The South African Government condemns in the gest possible terms the recent outbreak of violent attacks in parts of the country against foreign nationals, particularly fellow Africans from various African countries.
The South African Government views the attacks on foreign nationals as a criminal offence that will not be tolerated. South Africa is a constitutional democracy governed by laws. Everyone working and living in the country must obey its laws in their totality. No one has the right to take the law into their own hands. The South African Government will enforce the laws of the country and will not hesitate to act against criminal activity or those found to incite violence.
South Africa’s transition to democracy was one of the world’s most iconic testimonies of tolerance and peaceful co-existence. Under the stewardship of Nelson Mandela the country had an unwavering dedication to democracy, selflessness, reconciliation, service to humanity and a better life for all.
The recent attacks on foreign nationals are a threat to our historical achievements as a nation. Moreover, the attacks go against the democratic values enshrined in the Constitution.
Attacks against foreign nationals since the start of the year were reported in Soweto, Benoni, Atteridgeville, Khayelitsha, Inanda and KwaDukuza. The situation has been recently worsened following the death of three foreign nationals on 9 April 2015 in Chatsworth and Umlazi in Durban.
The South African Government has thus far (17 April 2015) responded as follows to this matter:
President Jacob Zuma has on a number of occasions provided his leadership on this matter by publicly condemning the unwarranted violent attacks on foreign nationals and the looting of their businesses. President Zuma also appealed for calm and tolerance across the country. The most recent of these statements by President Zuma were issued at the National Assembly meeting at Parliament on 17 April 2015.
President Zuma has assigned the Ministers of Home Affairs (Mr Malusi Gigaba), Police (Mr Nathi Nhleko) and State Security (Mr David Mahlobo) to stop the violence that has broken out in parts of the country particularly in the KwaZulu-Natal (KZN) in some Durban residential areas. This includes the establishment of an Inter-Departmental Task Team to coordinate the response.
A Panel of Experts has been set up under the leadership of the former United Nations High Commissioner for Human Rights, Judge Navi Pillay. Its purpose is to aise the Government on the integration of foreigners into the local communities on an ongoing basis.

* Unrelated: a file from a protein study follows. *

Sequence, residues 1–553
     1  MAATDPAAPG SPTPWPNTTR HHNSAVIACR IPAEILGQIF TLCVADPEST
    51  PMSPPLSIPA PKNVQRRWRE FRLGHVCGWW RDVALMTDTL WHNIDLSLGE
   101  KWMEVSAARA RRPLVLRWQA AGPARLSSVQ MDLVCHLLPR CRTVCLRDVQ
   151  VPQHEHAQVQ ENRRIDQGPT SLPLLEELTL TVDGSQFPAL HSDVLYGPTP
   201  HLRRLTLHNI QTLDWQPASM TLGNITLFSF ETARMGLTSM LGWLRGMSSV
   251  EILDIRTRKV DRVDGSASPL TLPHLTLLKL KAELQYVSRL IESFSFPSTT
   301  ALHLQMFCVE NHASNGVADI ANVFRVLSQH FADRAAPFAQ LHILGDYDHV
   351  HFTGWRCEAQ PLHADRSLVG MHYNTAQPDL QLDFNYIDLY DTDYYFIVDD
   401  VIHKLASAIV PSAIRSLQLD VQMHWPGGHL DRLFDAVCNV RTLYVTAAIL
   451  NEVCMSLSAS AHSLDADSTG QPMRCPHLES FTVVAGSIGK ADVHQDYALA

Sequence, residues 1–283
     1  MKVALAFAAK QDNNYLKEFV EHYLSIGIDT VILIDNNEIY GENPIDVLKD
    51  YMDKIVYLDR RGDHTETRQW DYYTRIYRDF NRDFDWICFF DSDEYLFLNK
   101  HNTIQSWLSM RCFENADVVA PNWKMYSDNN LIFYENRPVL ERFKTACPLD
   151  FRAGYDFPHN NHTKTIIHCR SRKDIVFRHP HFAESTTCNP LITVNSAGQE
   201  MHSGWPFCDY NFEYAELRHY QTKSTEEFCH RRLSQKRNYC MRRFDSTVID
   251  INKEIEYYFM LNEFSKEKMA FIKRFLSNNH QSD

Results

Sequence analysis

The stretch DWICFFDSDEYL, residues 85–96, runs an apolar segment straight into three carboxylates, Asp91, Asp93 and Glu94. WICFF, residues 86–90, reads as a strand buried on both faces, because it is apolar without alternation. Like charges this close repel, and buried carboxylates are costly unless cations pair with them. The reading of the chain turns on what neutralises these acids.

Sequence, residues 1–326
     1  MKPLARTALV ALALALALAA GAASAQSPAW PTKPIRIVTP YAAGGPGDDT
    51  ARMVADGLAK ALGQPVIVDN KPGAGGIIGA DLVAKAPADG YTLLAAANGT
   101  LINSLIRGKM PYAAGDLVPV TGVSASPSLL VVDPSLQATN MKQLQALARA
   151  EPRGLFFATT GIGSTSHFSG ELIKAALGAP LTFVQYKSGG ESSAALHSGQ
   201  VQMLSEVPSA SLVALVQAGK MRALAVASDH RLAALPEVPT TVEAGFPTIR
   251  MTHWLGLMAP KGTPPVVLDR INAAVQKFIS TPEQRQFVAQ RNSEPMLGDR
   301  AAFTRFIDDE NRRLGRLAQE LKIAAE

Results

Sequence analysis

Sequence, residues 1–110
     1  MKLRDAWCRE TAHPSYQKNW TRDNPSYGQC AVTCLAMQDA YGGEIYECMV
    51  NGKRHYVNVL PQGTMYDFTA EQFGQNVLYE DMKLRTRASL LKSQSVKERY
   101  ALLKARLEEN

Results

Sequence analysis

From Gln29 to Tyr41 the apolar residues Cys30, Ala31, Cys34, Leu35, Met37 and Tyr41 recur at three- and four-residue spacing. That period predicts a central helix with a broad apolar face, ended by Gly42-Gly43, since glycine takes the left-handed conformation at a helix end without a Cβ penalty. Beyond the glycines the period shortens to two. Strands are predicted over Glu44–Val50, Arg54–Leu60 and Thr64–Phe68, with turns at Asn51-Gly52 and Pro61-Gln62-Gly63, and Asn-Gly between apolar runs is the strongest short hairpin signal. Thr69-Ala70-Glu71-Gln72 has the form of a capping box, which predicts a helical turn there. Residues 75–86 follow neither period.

Additional law enforcement officers have been mobilised from around the country and deployed to the affected areas to enforce the law and prevent further attacks.
Thus far, a number of suspects have been arrested.
All district disaster management centres have been placed on high-alert. A 24-hour call centre has been established and remains accessible in the event that further attacks of this nature occur in the future.
Shelters have been set up to accommodate displaced foreign nationals and basic amenities such as water, sanitation, and healthcare are being provided.
The South African government is working closely with the United Nations High Commissioner for Refugees (UNHCR), United Nations Children’s Fund (UNICEF), International Organisation for Migration (IOM), as well as non-governmental organisations to provide food, psycho-social and other support to those affected.
The process of reintegrating those who were displaced back into their communities has begun.
The Ministry of Small Business Development will fast-track the implementation of the National Informal Business Upliftment Strategy (NIBUS) as part of addressing the concerns and challenges that face the informal business sector. NIBUS is based on three key pillars, namely skills development among the South African population, exploring partnerships between locals and foreign traders and reviewing policies and regulations.
Community engagements are being conducted through the Communities in Dialogue programme, community safety forums, ward committees, and through community development workers, amongst others.
Speeches and statements
Minister Maite Nkoana-Mashabane: Address to Ambassadors and High Commissioners from African Countries on attacks against Foreign nationals, 17 April 2015
Minister Maite Nkoana-Mashabane: Media briefing following meeting with Ambassadors and High Commissioners from African countries, 17 Apr 2015
Minister Lindiwe Sisulu on fight against xenophobic violence, 17 April 2015
Minister Malusi Gigaba: Debate on outbreak of violence against foreign nationals, 17 April 2015
Parliament condemns violence against foreign nationals, 16 April 2015
President Jacob Zuma: KwaZulu-Natal violence against foreign nationals, 16 April 2015
Commissioner Riah Phiyega on activation of joint operation centres, 16 April 2015
Statement on Cabinet meeting of 15 April 2015, 16 April 2015
Government Communication and Information System (GCIS)
The South African Government condemns in the gest possible terms the recent outbreak of violent attacks in parts of the country against foreign nationals, particularly fellow Africans from various African countries. The South African Government views the attacks on foreign nationals as a criminal offence that will not be tolerated. South Africa is a constitutional democracy governed by laws. Everyone working and living in the country must obey its laws in their totality. No one has the right to take the law into their own hands. The South African Government will enforce the laws of the country and will not hesitate to act against criminal activity or those found to incite violence.
Source : South African Government